Kee Beach

Kee Beach

Just shy of two miles, the trail dips steeply downward through several switchbacks and you'll soon find yourself at Hanakapia`ai Stream.


Use extreme caution crossing the stream and if there has been consistent heavy rain recently or the flow is high, do NOT cross at all. If you want to cross without getting your feet wet, you can sometimes skip across the rocks if you head inland a few meters; however it is far safer to get your shoes wet (or take them off and put them back on the other side) than it is to potentially slip on a rock and fall.  For anybody carrying a heavy backpack; standard safety protocol is to unbuckle the waist and chest straps prior to crossing the river; that way if you fall in the river you can easily escape your pack and come up for air. 

At times there is a rope tied across the river to help with crossings, however the general rule it to not cross unless you are sure you can do so safely.   Although Hanakapi'ai Beach is a dangerous swimming spot, most drownings and near-drownings in Hanakapi'ai are in the river when people try to cross in water that is too fast and deep and they are swept away by flooding river waters. The water at Hanakapi'ai is usually clear and ankle-knee deep with enough rocks visible above the surface to rock-hop across – if it looks like a muddy, raging torrent; do not try to cross!.   Crossing the river in waist high water requires skill and extreme care.  If the water is over waist high, do not try to cross the river in any circumstances – just wait; eventually the flood waters will subside!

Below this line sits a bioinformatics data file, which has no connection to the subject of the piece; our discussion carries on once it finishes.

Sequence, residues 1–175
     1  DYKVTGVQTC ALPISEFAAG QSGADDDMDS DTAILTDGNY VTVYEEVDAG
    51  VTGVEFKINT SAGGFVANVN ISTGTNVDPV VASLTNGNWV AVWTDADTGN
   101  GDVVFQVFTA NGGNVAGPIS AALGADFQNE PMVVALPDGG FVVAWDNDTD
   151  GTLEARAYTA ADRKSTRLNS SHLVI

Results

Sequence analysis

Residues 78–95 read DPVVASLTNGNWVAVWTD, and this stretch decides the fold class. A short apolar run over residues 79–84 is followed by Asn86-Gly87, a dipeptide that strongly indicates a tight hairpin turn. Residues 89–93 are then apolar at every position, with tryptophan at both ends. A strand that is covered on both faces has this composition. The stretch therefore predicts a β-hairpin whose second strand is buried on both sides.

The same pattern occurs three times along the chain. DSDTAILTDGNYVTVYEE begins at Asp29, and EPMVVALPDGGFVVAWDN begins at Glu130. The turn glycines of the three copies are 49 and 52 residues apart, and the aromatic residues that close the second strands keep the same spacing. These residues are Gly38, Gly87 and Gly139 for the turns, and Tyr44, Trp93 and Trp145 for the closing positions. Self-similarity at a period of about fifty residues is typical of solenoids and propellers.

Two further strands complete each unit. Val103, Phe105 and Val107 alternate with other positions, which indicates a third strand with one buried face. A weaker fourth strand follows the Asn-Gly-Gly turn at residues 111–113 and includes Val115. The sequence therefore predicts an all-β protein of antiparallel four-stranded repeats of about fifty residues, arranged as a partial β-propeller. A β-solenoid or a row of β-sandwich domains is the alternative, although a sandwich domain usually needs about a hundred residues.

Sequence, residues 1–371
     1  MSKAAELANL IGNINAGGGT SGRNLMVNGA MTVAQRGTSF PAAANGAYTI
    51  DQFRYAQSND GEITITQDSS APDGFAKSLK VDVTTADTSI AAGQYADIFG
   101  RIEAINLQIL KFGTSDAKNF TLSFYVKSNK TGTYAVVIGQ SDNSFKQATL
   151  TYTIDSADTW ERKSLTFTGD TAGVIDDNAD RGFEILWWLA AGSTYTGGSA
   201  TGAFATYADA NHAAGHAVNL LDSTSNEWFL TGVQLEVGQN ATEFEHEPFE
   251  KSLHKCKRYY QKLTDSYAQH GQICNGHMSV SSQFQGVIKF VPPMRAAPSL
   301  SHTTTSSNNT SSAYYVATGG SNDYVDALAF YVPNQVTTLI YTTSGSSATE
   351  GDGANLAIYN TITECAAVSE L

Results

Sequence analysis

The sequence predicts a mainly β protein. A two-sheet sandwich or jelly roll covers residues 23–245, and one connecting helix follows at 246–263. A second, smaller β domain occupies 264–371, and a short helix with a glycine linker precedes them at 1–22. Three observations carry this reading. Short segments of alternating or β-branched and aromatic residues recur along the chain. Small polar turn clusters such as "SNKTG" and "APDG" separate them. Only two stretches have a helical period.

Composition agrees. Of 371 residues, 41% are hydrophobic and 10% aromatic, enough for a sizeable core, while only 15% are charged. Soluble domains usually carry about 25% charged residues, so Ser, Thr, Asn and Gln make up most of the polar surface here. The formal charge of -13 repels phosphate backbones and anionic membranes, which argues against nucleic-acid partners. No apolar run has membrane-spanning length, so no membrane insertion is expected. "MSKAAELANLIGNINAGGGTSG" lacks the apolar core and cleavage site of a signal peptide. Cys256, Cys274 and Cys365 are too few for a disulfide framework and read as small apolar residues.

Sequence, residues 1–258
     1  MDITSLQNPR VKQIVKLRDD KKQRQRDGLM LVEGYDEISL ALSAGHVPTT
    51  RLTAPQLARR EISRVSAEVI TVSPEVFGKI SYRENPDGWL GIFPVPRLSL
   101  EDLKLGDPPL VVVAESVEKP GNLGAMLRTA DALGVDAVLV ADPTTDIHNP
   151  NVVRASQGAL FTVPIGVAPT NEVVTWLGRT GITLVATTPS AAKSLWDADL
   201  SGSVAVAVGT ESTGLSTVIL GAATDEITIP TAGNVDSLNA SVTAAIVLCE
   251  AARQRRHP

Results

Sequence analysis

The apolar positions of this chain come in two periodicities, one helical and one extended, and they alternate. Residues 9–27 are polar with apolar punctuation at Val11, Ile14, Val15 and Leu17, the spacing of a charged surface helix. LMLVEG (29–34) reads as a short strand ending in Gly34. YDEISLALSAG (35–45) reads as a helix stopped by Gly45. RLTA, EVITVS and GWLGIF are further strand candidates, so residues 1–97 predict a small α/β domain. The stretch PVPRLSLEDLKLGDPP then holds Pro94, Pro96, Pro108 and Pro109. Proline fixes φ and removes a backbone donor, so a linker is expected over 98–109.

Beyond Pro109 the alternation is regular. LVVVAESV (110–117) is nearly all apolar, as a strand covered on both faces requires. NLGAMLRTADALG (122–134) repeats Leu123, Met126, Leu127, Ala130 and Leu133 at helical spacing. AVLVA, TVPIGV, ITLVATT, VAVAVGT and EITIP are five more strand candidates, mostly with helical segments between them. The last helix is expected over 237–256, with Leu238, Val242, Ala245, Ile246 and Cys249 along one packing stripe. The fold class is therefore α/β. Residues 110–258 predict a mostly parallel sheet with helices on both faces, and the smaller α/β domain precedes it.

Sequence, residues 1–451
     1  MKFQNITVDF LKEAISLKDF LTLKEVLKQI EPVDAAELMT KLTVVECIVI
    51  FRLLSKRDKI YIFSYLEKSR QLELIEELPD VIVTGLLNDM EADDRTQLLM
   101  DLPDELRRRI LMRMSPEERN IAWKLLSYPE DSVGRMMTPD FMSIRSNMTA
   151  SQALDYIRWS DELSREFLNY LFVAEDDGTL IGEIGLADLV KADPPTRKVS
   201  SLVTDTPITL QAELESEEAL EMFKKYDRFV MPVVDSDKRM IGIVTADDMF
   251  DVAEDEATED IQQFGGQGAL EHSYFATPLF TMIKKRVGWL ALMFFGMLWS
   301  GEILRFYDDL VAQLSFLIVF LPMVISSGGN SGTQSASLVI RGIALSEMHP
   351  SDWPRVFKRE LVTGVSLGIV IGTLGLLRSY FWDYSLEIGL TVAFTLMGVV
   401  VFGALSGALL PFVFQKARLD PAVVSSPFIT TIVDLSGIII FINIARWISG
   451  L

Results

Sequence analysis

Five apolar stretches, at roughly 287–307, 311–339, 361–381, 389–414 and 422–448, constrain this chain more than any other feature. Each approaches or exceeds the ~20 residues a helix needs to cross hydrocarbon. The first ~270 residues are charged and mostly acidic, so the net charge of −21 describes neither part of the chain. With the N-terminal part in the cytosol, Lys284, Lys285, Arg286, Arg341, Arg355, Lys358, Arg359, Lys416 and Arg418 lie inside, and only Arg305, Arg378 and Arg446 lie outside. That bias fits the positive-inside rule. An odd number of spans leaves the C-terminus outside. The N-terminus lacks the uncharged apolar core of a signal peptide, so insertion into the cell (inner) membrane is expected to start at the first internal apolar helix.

Please do not place yourself at risk by walking on boulders that are wet with sea water - if the boulders are wet it means that the waves come up that high (even if they are far away when you are looking at it - wave heights vary greatly between sets and getting washed off the rocks is a very common way people get injured or drown).   Even in the summer time, when the beach is deep with white sand; people sometimes venture along the lava rock shelves on both ends of the beach.   Many people have met their demise by being swept off these shelves by large waves after venturing on them at a low point in between sets.  If the rocks are wet - stay off!  A local rule of thumb is to watch the ocean for 20 minutes before going in or walking in a tidal zone.